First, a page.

Thursday, February 16, 2017

Trump in first summit with Israeli Prime Minister Benjamin Netanyahu

 (Getty Images)
(Getty Images)
President Trump and Israeli Prime Minister Benjamin Netanyahu both declined to commit to the internationally accepted recipe of a two-state solution to the Israeli-Palestinian conflict Wednesday, a diplomatic shift for both governments that could signal a realignment of the traditional peace process.
At a joint news conference ahead of their first White House summit, Trump said he would support whatever solution the Israelis and Palestinians wanted.
"I'm looking at two states and one state, and I like the one both parties like," Trump said. "I can live with either one."
Netanyahu dodged the question.

For years, the United States and most of its allies advocated the vision of two states, one Israeli and one Palestinian, living side by side as the basis for lasting peace in the region.
Trump now has backed away from that commitment, raising questions about how officials would draw up a peace plan.
Trump did criticize, albeit mildly, Israel's rapid expansion of housing settlements in the occupied West Bank, land claimed by the Palestinians.
Asked about the settlements, Trump turned to Netanyahu, standing at a lectern beside him, and said, "I'd like to see you hold back on settlements a little bit."
Netanyahu looked surprised and countered that settlements could be discussed as part of a final peace deal, but he added they were "not the core of the conflict."
Trump also was asked about his campaign pledge to relocate the U.S. embassy from Tel Aviv to Jerusalem, a move considered provocative because both Israel and the Palestinians claim the city as their capital.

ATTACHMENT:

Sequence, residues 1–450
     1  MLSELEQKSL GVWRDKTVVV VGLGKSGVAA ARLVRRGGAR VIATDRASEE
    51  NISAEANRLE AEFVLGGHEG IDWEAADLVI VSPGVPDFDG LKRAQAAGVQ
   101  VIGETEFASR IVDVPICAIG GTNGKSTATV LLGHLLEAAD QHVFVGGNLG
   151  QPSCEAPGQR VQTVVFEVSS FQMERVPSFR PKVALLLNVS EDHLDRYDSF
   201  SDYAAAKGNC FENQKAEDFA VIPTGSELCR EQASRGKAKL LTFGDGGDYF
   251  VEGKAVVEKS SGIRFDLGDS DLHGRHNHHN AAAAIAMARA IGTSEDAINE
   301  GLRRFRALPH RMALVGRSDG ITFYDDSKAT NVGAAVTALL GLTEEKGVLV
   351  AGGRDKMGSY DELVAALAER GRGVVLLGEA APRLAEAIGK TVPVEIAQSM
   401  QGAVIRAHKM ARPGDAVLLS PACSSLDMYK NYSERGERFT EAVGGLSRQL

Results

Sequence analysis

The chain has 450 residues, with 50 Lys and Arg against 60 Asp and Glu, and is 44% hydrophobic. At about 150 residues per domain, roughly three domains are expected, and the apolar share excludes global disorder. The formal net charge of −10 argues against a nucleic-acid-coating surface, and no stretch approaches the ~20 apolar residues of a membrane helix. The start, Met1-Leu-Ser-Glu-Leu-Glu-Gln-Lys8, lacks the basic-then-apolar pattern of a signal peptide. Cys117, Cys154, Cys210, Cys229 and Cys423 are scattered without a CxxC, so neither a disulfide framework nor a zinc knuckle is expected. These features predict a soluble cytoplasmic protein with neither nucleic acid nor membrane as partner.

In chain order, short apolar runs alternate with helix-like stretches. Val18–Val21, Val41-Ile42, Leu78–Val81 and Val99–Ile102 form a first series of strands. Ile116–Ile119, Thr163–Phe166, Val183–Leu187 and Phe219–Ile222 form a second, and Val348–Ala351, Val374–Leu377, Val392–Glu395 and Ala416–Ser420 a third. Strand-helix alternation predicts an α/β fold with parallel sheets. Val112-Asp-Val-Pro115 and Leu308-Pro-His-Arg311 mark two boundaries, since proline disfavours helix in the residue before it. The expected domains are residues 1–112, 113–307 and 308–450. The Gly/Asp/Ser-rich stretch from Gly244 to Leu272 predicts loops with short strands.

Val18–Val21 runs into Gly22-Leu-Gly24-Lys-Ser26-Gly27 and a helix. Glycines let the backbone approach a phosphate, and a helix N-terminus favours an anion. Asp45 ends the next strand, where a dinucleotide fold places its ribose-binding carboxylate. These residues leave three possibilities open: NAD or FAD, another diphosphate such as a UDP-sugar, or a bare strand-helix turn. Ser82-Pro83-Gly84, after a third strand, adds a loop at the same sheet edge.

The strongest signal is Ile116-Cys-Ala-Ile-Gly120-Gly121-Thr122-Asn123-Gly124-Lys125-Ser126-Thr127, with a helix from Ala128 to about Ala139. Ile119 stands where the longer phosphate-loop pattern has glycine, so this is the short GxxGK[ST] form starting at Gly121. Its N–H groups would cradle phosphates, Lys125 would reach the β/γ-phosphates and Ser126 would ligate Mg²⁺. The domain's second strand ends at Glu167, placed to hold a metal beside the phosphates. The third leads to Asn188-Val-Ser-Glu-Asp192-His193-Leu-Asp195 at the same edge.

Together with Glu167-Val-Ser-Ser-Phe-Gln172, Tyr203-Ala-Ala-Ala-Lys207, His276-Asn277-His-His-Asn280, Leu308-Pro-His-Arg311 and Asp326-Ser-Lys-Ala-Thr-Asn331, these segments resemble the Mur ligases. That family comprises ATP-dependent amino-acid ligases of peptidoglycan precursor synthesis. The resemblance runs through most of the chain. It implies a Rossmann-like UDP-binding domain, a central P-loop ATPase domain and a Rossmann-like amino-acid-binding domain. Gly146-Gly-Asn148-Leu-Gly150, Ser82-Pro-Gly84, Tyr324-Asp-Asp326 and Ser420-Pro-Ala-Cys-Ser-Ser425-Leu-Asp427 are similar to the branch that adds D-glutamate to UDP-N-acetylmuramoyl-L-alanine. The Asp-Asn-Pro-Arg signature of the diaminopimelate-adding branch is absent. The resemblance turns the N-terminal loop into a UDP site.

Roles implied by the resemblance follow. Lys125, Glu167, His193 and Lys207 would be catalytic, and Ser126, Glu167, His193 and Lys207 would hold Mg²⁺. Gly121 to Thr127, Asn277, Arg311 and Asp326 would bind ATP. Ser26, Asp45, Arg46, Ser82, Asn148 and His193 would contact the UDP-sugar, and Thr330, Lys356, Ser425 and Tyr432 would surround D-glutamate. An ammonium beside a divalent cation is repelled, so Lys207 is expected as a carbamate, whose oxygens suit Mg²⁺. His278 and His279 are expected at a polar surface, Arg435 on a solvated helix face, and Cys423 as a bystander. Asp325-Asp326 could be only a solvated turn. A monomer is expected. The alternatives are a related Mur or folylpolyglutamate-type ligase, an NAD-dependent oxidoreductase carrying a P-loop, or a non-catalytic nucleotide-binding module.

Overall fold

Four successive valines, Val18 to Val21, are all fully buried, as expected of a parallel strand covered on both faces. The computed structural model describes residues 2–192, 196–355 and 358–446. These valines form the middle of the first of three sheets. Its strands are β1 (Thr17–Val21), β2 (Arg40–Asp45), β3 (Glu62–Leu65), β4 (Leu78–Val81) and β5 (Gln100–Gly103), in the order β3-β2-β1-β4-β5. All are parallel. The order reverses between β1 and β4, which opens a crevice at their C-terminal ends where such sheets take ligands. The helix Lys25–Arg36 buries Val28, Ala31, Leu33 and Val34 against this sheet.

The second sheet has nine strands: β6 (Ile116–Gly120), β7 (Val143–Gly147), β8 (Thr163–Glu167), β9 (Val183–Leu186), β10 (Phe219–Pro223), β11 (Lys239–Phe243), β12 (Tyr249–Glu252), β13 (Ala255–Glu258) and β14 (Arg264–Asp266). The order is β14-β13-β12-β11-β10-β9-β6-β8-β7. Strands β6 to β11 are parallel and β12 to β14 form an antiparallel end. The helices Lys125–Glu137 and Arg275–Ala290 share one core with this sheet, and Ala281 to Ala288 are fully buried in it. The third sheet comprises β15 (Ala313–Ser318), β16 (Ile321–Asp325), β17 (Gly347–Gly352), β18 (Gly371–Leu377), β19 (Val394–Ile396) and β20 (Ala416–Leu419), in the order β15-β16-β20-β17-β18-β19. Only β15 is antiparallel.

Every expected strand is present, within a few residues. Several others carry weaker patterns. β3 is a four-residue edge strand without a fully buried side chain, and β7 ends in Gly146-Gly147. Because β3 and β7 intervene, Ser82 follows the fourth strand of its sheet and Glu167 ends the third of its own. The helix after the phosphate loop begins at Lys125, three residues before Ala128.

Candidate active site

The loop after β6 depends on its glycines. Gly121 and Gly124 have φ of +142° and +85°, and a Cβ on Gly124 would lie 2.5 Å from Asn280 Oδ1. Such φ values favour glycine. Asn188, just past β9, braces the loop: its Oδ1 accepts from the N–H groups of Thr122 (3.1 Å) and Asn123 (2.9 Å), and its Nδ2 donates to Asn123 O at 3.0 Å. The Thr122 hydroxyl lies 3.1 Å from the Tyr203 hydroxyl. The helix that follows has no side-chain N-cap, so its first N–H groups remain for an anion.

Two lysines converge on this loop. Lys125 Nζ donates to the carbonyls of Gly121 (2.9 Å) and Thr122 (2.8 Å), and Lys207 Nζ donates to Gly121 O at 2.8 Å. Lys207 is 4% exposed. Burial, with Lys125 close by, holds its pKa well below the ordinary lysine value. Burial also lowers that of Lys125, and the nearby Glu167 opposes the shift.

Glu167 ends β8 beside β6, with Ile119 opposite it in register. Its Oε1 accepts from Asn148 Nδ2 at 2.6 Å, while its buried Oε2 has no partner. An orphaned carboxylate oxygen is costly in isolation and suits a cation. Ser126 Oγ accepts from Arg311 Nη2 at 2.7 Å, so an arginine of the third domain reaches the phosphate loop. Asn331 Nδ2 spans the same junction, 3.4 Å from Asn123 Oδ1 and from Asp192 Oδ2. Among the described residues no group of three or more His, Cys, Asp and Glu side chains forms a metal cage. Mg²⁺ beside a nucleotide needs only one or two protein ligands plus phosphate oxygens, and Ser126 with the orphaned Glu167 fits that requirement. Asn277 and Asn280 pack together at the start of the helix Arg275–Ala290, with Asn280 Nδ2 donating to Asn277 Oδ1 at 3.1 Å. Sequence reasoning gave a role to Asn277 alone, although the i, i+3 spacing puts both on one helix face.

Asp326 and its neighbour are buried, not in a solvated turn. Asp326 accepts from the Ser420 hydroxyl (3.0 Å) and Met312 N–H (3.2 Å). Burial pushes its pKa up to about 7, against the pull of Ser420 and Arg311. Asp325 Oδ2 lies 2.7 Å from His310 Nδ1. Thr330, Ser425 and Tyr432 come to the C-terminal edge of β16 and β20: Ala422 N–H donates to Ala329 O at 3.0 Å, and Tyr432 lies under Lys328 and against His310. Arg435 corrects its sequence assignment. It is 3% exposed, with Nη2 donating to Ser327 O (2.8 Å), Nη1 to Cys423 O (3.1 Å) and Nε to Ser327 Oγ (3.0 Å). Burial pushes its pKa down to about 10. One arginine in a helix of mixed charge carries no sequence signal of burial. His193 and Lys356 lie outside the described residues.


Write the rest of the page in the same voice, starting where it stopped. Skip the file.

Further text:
Trump said he was thinking about it "very carefully" but would not commit to a move date.
Trump and Netanyahu seemed on the same page on other topics.
Both were critical of the landmark deal, negotiated by six world powers and Iran in 2015, that eased sanctions on Tehran in exchange for destroying or freezing Iran's nuclear development programs. But Trump did not repeat his campaign promise to "rip up" the deal.
Netanyahu strongly defended Trump when asked about the xenophobic and anti-Semitic sentiments unleashed by some of his supporters during the presidential race last year.
"There is no greater friend of Israel," Netanyahu said of Trump, then singled out Trump's son-in-law, Jared Kushner, as a lifelong family friend.
Kushner, a 36-year-old observant Jew with no formal diplomatic experience, has been tapped by Trump to lead negotiations with Israel and the Palestinians.
Both Trump and Netanyahu said they were finding that several Arab countries now see Iran and radical Islam as enemies worth joining forces to fight, instead of seeing Israel as the primary enemy.
In contrast to the often-chilly joint appearances that Netanyahu had with President Obama, the Israeli leader's arrival on the south steps of the White House was full of smiles, kisses and warm handshakes shared by the two leaders and their wives.
"Our alliance has always been strong, but under your leadership, it will be even stronger," Netanyahu said.

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